Inspiring ROR GNY Supporter on How to Pass a Love of Reading on to Your Children

By amandaberlin on September 19, 2015 in Blog

When Linda DiGennaro’s mother, Adele Piazza Porcelli, passed away this summer, Linda decided she would honor her mother’s perseverance and legacy by supporting literacy organizations that serve children in need.

Linda, an early childhood educator herself, was always inspired by her mother’s love of books and learning given the fact that her mother had only an 8th grade education.

Born to immigrant parents in Brooklyn, New York in 1921, Adele had two sisters and a brother and was only six months old when their father died from meningitis. 

Adele’s saving grace was school, Linda recounts. Despite a truncated academic career, Adele continued learning through reading, right up until the end of her life.

Linda lovingly remembers: “She cooked; she cleaned; and she read. She always had a book in her hand. She read The New York Times cover to cover until about six weeks before she died. She read the classics over and over. And she was always ready to talk about the new novel she was reading. She could tell you how the Dow was doing and let you in on all the latest celebrity gossip.”

“Once you learn to read, you don’t need anything else. It opens the rest of the world to you,” Linda said.

Because Adele was such a great role model for supporting literacy and the importance of reading and education as a key to success, these values were transferred to Linda and her brother.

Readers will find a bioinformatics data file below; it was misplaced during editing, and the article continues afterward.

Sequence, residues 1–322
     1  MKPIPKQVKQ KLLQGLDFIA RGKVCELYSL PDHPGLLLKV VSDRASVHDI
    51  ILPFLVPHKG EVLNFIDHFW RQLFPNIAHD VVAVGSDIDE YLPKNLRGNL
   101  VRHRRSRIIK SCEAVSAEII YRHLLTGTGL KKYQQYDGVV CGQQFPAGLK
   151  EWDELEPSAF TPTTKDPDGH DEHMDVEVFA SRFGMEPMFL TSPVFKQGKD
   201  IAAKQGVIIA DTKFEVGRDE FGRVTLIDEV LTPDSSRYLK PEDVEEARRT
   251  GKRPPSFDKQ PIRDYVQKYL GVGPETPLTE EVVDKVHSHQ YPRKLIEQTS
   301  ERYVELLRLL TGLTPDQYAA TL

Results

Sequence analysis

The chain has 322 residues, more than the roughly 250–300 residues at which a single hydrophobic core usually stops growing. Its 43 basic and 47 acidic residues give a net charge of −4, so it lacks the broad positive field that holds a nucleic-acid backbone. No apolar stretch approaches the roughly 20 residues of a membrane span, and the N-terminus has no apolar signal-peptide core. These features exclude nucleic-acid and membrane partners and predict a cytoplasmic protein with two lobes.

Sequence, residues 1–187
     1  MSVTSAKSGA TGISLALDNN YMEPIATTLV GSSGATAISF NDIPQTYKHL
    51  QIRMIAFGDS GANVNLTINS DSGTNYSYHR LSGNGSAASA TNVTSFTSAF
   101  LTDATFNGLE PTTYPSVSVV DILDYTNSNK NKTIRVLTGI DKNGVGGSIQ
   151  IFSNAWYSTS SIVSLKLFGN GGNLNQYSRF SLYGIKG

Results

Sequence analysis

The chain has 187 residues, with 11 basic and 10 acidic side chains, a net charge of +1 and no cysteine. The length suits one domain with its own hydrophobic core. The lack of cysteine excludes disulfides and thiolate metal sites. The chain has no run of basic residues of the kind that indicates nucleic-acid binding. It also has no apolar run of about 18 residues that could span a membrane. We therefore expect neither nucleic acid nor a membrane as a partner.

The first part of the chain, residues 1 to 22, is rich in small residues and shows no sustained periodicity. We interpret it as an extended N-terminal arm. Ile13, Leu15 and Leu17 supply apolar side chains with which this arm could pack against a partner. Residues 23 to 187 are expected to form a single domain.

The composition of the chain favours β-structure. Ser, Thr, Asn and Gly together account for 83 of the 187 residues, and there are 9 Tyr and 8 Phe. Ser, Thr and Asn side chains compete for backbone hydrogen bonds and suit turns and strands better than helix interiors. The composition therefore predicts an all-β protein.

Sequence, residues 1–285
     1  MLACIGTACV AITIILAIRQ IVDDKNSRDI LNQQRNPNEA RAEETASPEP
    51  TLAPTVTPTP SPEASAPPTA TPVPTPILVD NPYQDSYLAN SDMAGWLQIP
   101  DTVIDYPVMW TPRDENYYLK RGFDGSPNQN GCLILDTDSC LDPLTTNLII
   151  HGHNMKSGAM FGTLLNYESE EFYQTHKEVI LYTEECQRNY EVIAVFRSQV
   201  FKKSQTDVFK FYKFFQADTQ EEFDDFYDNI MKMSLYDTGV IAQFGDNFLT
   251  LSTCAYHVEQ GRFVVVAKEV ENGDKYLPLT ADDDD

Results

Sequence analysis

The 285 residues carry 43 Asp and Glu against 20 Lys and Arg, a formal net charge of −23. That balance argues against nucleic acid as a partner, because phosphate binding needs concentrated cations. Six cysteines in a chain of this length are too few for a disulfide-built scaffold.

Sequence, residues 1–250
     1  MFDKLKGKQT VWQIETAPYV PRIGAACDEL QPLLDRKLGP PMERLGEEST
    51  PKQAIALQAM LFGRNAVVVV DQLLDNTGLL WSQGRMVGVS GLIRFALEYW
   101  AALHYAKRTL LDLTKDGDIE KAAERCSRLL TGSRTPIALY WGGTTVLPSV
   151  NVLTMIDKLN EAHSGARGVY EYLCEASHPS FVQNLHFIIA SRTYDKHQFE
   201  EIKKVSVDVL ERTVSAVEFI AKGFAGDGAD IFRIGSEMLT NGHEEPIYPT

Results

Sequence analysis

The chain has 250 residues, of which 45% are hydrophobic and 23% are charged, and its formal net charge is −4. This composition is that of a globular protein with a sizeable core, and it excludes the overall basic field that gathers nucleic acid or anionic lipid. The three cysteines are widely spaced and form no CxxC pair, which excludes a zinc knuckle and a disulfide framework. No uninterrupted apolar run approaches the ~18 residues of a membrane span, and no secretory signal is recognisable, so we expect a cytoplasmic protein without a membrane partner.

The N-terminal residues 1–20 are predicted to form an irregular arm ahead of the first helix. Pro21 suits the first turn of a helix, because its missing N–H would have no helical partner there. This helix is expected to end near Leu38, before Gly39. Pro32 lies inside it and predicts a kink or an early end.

Linda and her brother both took their education very seriously, pursuing advanced degrees and undertaking professions that were steeped in literacy. Adele’s influence is evident in Linda’s motivation and resourcefulness: Linda found ways to navigate the system of higher education by securing scholarships and grants to continue her learning, an effort that recently even included a creative writing workshop at Columbia.

Linda’s advice to parents who want to instill a love of learning and books in their own children: “From the moment they are put into your arms, speak to them, listen, recite anything you know, whether it’s something your grandma would say or a verse from your favorite song. Every single thing you do with them, think of it as an experience. Talk about the cracks in the sidewalk, anything. There’s always something to learn from whatever you’re doing. Listen, ask questions, get curious.”



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